EnergySage reports on storage for the first time ever, Tesla dominates


As difficult as it can be to get a grasp of the U.S. residential solar market at large, that’s what EnergySage sets out to do in its Solar Marketplace Intel Report, a report looking at trends of products that are offered and sold through the company’s online solar marketplace.

In the most recent edition of the report, released today, EnergySage includes data about the energy storage solutions being quoted to homeowners through the platform for the first time.

What this new data shows is that, Tesla’s Powerwall 2 is dominating the energy storage market, at least from a quoting perspective. Over half of energy storage quotes on EnergySage included the Tesla Powerwall, making it the most quoted storage option and brand. Part of this popularity can be attributed to the system’s price, as, on a cost per-kilowatt-hour stored basis, the Powerwall 2 is the least expensive storage option quoted in the Marketplace.

Behind the Powerwall 2 came LG Chem and Enphase’s storage offerings, with Panasonic, sonnen, Eguana and Generac’s storage solutions all featuring lesser representation.

Not only does the report track what storage brands consumers are gravitating towards, it also tracks trends in adoption. Nearly two-thirds of consumers who indicate a preference for storage on EnergySage say that they’re interested in storage for emergency backup power, while nearly half of all consumers that want storage are interested because of financial savings.

How solar stacks up

On the solar side, the report focuses mostly on slowing price drops and the effect that the Covid-19 pandemic has had on residential solar purchasing trends.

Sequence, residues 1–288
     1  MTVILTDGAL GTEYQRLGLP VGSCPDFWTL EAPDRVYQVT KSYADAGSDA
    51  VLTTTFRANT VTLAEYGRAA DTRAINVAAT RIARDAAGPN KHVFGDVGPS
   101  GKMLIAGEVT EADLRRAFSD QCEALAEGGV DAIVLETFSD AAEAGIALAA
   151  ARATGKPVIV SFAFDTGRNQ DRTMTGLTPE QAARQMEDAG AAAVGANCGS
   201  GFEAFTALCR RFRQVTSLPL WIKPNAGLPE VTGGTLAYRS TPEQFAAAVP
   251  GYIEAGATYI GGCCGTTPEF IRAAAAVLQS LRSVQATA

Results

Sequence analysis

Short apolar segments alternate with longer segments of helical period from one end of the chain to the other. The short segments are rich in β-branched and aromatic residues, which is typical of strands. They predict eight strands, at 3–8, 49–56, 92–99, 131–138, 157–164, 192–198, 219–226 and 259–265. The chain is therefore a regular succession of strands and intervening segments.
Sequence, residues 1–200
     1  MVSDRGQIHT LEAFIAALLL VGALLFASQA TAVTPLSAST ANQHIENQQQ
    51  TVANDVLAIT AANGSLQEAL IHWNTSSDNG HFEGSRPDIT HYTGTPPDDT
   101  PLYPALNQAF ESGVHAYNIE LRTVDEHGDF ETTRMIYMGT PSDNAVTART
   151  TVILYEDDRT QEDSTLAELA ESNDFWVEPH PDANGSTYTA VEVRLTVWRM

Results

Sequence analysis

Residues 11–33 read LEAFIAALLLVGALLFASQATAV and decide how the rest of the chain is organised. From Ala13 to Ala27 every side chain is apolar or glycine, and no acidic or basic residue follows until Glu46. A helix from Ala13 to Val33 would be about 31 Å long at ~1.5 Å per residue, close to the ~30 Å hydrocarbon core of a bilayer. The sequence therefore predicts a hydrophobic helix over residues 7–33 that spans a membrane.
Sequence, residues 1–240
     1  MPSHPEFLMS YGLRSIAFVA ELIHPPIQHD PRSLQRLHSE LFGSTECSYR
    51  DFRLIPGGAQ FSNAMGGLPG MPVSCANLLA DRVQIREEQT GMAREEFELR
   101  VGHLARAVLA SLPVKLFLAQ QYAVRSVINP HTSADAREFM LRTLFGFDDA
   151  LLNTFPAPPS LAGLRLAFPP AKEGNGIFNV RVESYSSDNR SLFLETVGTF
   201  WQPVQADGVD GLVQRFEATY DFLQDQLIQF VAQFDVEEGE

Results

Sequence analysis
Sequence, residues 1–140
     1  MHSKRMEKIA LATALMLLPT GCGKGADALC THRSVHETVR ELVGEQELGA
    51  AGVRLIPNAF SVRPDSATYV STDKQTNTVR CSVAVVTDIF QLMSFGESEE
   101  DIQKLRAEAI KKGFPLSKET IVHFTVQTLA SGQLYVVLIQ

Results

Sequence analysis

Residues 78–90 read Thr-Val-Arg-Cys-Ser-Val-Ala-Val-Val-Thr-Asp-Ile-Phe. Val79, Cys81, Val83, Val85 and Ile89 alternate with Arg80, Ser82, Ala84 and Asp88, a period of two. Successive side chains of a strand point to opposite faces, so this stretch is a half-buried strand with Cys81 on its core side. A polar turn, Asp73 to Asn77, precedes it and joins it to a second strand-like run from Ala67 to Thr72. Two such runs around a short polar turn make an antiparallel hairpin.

The company worked with Qualtrics to field a survey to over 500 consumers nationwide in early April, in order to assess how solar sentiment and shopping behavior has shifted due to Covid-19. What the two found was that responding consumers were more interested in solar now than they were pre-Covid, with a third saying their timeline for going solar has actually accelerated and very few moving out their timeline by a year or more.

The survey is backed by concrete data, as EnergySage’s website traffic and solar shopper registrations dipped in March and April before rebounding in May and June to levels significantly above where they were during the same period in 2019.

EnergySage attributes part of this renewed interest to the forced acceleration of digital solar sales. Another survey of consumers found that two-thirds are more likely to shop for solar online now than they were prior to Covid-19. In response, online installer quotes are coming in 30% faster than they did pre-Covid, in order to effectively meet demand.

As for the price of these systems being quoted online, those continue to fall, but not as quickly as before Covid. In every six month period since EnergySage began tracking quoted solar prices in 2014, the quoted price of solar has decreased. While this trend continued in the first half of 2020, it did so at a more sluggish rate than had been seen before. H1 2020 saw the median quoted solar price dropping 1.4%, when compared to H2 2019. During the period from July 2019 to June 2020, however, the median quoted solar price dropped by 2.4%, compared to the period from July 2018 to June 2019. This is a slower rate of decline than had been observed in any previous twelve-month period.

EnergySage prices also come in significantly lower than system price quotes collected by Tracking the Sun 2020, a solar pricing dataset complied annually by Lawrence Berkeley National Laboratory. The median installed cost of solar in the U.S. in 2019 of $3.75/W, as reported by LBNL, is 29% greater than the median quoted price for solar on EnergySage in 2019 of $2.90/W.

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